Base Running and Speed. Sublett has average speed overall, maybe a tick above, but he still hasn't found that aggressiveness yet in the running game. With his ability to get on base he has the potential to reach the 20 stolen base plateau and getting better first jumps would help him come close to that level.

Defense. Sublett isn't a game-changer defensively, neither at second base nor in centerfield. At second he lacks a fluidity to his game, but he has gotten better at turning double-plays and he's more than solid enough to handle the position if called upon. Surprisingly, he looked quite solid in centerfield considering having so little experience at the position. He shows adequate range, decent jumps on the ball, and a former college pitcher, he boasts a plus arm there.

Projection. Three seasons into his professional career, Sublett has yet to reach the 800 at-bat mark so there's still some significant upside to his game. Few prospects have his kind of patience at the plate and, with his bat speed, there really isn't a pitch he can't hit. He also has power potential but it's limited to the gaps at the current time. If his home run power could reach the double-digit level, and many scouts believe it could, and if he can continue to show consistent outfield play, he has a decent chance of developing into a starting big leaguer. Until that power develops, however, with his propensity to draw walks and ability to play two positions up the middle adequately, he projects best as utility player with significant offensive potential. Don't discount the upside here.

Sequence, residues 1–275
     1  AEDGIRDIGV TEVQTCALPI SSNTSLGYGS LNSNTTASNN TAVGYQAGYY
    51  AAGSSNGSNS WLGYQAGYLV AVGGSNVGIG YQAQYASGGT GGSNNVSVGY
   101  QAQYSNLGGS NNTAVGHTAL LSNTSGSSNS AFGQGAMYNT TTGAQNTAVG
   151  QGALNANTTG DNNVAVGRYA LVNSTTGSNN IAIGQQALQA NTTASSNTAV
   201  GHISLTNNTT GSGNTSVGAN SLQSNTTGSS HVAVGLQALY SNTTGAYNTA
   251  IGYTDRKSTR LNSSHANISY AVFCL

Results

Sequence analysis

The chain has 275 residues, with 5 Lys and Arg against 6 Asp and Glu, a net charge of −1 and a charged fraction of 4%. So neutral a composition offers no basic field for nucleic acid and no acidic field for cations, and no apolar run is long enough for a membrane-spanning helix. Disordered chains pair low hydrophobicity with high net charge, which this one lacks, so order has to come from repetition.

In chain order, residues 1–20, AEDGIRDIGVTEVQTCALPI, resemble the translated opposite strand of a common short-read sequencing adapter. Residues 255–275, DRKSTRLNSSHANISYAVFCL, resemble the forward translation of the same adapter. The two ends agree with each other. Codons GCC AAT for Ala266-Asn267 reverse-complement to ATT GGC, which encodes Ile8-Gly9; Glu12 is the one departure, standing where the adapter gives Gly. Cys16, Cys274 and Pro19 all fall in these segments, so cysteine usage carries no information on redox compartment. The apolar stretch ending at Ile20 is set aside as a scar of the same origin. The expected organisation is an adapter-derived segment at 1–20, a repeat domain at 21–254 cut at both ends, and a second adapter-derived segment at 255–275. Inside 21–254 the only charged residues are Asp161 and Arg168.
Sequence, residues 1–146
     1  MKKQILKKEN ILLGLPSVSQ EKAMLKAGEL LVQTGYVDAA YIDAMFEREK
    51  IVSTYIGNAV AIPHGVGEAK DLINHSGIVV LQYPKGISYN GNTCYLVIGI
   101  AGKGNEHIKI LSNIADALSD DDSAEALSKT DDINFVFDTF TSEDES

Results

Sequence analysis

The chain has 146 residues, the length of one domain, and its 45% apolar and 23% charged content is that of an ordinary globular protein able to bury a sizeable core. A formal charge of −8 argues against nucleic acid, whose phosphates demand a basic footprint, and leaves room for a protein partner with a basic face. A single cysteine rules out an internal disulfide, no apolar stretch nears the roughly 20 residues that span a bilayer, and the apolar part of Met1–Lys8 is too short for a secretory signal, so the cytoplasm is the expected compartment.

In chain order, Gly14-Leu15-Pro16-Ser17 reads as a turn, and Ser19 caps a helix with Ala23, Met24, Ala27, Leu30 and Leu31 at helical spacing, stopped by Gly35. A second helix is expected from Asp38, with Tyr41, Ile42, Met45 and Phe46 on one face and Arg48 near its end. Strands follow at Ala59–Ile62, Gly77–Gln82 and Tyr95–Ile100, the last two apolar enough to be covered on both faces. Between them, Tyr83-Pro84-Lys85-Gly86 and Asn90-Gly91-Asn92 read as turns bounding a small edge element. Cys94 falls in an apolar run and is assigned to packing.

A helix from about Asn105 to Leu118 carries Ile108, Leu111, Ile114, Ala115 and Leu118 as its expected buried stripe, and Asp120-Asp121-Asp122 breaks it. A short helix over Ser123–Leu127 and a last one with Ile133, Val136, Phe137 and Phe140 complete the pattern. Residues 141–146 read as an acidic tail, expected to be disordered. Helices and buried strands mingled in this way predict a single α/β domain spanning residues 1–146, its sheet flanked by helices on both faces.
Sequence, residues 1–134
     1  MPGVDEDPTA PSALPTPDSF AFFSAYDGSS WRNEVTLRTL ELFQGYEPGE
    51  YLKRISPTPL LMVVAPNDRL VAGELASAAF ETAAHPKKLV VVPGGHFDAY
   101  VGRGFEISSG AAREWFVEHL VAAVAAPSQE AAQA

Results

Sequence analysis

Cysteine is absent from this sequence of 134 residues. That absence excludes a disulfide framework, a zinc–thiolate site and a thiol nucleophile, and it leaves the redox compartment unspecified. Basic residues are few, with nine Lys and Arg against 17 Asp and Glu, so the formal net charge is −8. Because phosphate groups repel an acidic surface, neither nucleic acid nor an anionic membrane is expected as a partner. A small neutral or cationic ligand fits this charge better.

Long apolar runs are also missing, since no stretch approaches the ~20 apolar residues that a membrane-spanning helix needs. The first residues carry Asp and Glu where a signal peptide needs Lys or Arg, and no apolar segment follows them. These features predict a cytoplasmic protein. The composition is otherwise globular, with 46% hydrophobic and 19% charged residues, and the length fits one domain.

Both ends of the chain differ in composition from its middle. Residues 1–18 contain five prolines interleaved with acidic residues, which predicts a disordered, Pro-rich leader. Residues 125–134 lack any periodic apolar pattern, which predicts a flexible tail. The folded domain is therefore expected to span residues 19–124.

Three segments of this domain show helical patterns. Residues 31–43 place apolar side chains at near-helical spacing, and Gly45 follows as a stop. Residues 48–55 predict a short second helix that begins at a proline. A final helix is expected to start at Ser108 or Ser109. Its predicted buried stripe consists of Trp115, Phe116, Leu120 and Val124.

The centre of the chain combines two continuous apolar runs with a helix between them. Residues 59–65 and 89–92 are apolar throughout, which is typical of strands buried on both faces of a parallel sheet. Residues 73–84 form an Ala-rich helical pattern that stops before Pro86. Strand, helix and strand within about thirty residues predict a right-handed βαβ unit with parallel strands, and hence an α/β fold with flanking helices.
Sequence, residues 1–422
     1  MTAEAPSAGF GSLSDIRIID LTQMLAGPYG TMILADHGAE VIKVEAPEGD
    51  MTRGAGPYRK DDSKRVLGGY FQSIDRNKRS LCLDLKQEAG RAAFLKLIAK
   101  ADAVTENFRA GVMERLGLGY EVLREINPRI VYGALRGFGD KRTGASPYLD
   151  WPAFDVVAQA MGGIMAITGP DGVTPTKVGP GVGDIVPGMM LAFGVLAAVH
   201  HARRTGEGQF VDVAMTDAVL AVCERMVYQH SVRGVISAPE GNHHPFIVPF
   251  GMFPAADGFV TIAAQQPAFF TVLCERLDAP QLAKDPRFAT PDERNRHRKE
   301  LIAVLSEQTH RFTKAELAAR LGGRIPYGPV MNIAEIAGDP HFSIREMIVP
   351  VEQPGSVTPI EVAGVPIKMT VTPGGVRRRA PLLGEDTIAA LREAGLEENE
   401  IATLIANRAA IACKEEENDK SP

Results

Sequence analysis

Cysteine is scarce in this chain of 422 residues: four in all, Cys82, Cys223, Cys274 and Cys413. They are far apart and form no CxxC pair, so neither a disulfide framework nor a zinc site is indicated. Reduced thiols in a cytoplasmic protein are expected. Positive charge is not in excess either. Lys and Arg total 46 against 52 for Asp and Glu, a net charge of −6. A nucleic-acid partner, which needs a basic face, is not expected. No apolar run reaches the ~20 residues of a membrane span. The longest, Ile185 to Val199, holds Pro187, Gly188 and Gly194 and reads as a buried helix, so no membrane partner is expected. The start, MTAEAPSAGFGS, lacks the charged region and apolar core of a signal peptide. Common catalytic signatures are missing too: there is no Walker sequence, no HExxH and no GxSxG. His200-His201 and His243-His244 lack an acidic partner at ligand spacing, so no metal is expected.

ETA. 2011. Sublett will be ticketed for Double-A Trenton. Which position he will play is still up in the air, but he's one breakout season away from receiving 40-man roster consideration.